When working with matrices, and determining their geometric description, how do we know whether they are parallel, the same, or have the planes intersect in either a line or at a single point?
I am referring to both questions with three equations in three variable, and questions with two equations, but three variables.

Thank you in advance!!

RuiAce

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Re: First Year University Mathematics Questions
« Reply #11 on: April 05, 2018, 08:45:43 am »
+5
When working with matrices, and determining their geometric description, how do we know whether they are parallel, the same, or have the planes intersect in either a line or at a single point?
I am referring to both questions with three equations in three variable, and questions with two equations, but three variables.

Thank you in advance!!
Essentially, the geometric interpretation of the solutions (and hence the original planes) depends on the nature of the solutions we had found.

In the 3 equation, 3 variable case, we are considering 3 planes in \( \mathbb{R}^3\). So we have the following:
- There is no solution. When this is the case, we're saying that the 3 planes have no common point of intersection. This could be because they appear to form a triangular prism between them, or because at least 2 out of the 3 planes are parallel to one another.
- There is one unique solution. When this is the case, the planes are essentially intersecting at a common point. An easy example of this is just the x-y, y-z and x-z planes, which only intersect at (0,0,0).
- There are infinite solutions. Infinite solutions are characterised by the number of parameters there are in our solution.
   - If there is only one parameter, say \(t\), then the solutions are of the form \( \textbf{x} = a + t\textbf{v} \). This represents a line in \(\mathbb{R}^3\), passing through the point \(A\) and in the direction of the vector \( \textbf{v} \). In general, the intersection forms a lie when the planes are just rotations of one another, but all 3 of them aren't the same plane as in the case below.
   - If there are two parameters, say \(\lambda\) and \(\mu\), then the solutions are of the form \( \textbf{x} = \textbf{a}+ \lambda \textbf{u} + \mu \textbf{v} \). This now represents a plane in \(\mathbb{R}^3\), which passes through \(A\) and is spanned by \( \textbf{u} \) and \( \textbf{v} \). However, this is only possible if the three planes at the start actually all coincided with one another.

I find that figure 1.1.2 of this article gives a good visual representation of them.

On the other hand, when we have 2 equations, we're simply saying we now have only 2 planes in \( \mathbb{R}^3\). Because there's only 2 planes, our possibilities are severely narrowed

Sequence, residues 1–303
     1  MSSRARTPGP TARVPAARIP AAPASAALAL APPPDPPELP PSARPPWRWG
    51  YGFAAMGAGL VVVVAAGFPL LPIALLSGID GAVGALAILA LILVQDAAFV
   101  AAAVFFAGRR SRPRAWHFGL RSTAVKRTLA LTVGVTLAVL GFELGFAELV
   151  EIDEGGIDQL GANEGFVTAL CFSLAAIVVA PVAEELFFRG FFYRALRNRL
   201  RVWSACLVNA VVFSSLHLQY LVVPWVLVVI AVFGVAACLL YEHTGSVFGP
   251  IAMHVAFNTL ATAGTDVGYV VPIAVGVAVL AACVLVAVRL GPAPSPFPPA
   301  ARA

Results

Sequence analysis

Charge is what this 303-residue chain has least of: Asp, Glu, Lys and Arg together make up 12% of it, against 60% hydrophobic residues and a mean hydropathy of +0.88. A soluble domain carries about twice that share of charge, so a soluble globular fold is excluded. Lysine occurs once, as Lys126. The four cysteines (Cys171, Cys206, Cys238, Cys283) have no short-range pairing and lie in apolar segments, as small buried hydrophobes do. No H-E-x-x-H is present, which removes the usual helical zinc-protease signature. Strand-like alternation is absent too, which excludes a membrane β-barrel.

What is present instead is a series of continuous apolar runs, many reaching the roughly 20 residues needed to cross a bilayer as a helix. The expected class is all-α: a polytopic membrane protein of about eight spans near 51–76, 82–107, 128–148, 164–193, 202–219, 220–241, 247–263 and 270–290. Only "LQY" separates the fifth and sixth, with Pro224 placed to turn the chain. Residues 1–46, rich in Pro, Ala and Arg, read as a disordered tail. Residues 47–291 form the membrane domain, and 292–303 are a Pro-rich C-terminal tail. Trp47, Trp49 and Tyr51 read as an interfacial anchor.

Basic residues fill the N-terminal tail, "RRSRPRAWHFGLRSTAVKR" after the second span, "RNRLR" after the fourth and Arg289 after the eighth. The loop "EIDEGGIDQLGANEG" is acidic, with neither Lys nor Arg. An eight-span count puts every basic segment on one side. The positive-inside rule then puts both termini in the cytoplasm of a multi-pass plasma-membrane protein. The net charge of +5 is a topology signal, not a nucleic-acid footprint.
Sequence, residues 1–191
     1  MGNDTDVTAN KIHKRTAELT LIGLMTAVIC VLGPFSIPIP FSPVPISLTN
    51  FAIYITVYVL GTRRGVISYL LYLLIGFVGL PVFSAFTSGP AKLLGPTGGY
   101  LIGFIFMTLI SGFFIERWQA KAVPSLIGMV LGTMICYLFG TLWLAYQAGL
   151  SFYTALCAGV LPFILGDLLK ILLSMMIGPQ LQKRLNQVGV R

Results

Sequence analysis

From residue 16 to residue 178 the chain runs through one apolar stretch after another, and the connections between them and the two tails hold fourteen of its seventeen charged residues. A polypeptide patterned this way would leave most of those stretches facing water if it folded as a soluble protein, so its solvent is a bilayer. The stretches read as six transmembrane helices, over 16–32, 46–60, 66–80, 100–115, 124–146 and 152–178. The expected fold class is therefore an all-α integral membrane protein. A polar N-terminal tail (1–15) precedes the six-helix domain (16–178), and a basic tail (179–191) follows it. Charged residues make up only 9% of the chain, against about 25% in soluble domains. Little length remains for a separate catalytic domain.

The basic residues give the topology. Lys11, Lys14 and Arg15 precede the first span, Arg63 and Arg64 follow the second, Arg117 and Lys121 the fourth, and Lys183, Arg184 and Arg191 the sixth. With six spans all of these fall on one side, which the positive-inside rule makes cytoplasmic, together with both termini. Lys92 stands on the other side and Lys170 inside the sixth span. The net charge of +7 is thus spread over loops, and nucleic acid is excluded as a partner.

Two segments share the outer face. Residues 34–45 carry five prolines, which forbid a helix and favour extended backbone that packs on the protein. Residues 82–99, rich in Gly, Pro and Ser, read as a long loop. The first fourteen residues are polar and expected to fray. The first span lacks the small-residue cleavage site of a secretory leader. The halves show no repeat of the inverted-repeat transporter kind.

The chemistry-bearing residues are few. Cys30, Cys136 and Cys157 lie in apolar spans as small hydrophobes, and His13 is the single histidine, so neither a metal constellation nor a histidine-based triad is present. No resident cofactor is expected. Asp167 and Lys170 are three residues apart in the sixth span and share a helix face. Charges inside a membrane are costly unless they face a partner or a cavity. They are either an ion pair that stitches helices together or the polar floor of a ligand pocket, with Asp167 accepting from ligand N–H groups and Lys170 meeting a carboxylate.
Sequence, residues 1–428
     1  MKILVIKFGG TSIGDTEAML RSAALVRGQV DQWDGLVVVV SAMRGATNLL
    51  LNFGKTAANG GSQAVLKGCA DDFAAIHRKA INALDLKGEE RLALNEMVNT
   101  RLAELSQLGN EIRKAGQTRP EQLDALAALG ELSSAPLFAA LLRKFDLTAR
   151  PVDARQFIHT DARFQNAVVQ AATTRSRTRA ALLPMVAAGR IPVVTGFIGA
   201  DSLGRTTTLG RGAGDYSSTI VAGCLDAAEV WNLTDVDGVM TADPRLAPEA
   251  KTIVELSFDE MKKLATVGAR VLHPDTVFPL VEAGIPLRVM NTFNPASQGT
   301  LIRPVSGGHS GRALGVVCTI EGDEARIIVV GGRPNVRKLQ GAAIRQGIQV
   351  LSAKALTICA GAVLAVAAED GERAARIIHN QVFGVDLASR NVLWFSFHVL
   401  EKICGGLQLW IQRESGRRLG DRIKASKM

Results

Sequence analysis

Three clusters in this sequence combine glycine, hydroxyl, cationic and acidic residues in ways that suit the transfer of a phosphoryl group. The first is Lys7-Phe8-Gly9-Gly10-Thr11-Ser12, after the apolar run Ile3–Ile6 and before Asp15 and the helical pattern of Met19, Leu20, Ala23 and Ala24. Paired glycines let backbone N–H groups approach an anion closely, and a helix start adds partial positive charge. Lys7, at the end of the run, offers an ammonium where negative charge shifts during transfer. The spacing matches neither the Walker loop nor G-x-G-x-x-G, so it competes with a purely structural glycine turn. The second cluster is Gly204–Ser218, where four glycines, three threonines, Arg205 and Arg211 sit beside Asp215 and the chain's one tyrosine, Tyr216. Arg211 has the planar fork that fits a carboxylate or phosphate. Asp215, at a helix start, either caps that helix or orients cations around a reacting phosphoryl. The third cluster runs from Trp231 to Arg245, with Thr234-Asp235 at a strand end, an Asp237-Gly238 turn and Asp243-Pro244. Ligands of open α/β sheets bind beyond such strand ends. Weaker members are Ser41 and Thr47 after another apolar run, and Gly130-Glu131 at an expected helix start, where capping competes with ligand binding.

- The only way there can be no solutions is if the planes are parallel to one another.
- There can never be a unique solution. (Why?) If two planes in \( \mathbb{R}^3\) are not parallel then they must have infinite solutions.
   - If there are two parameters, then once again the planes coincided.
   - If there is only one parameter, again the intersection is a line. This is essentially every case when the planes aren't parallel with one another.

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Re: First Year University Mathematics Questions
« Reply #12 on: April 05, 2018, 11:19:33 am »
0
Hi,
I was wondering if you are able to solve these questions for me? It would be greatly appreciated!

1) In the triangle ABC, AB = sqrt(2), AC = 1/sqrt(2) and the angle at A is 60◦. Find the length of BC and the size of the angle at C.
2) If sin A = 3/5 where 90◦ < A < 180◦ and cos B = 5/13 where 0◦ < B < 90◦, find sin(A − B)
3) In the triangle ABC, AB = 2, BC = 1 + sqrt(3) and the angle at B is 30◦, Find the length of AC and the size of the angle at C.
4) If sin A = 5/13 where 90◦ < A < 180◦ and cos B = 3/5 where 0◦ < B < 90◦, find sin(A − B).

Thanks!

TrueTears

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Re: First Year University Mathematics Questions
« Reply #13 on: April 05, 2018, 02:38:50 pm »
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1) is just a straightforward application of the cosine rule. 2) and 4) are applications of the sine difference rule. Have you had a go at applying those?

RuiAce

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Re: First Year University Mathematics Questions
« Reply #14 on: April 05, 2018, 02:47:37 pm »
+3
Hi,
I was wondering if you are able to solve these questions for me? It would be greatly appreciated!

1) In the triangle ABC, AB = sqrt(2), AC = 1/sqrt(2) and the angle at A is 60◦. Find the length of BC and the size of the angle at C.
2) If sin A = 3/5 where 90◦ < A < 180◦ and cos B = 5/13 where 0◦ < B < 90◦, find sin(A − B)
3) In the triangle ABC, AB = 2, BC = 1 + sqrt(3) and the angle at B is 30◦, Find the length of AC and the size of the angle at C.
4) If sin A = 5/13 where 90◦ < A < 180◦ and cos B = 3/5 where 0◦ < B < 90◦, find sin(A − B).

Thanks!

Essentially Q1 and Q3 are just high school trigonometry - the main thing you require is the cosine rule (and possibly the sine rule.) Since Q4 follows the exact same as Q2, I will only do Q2.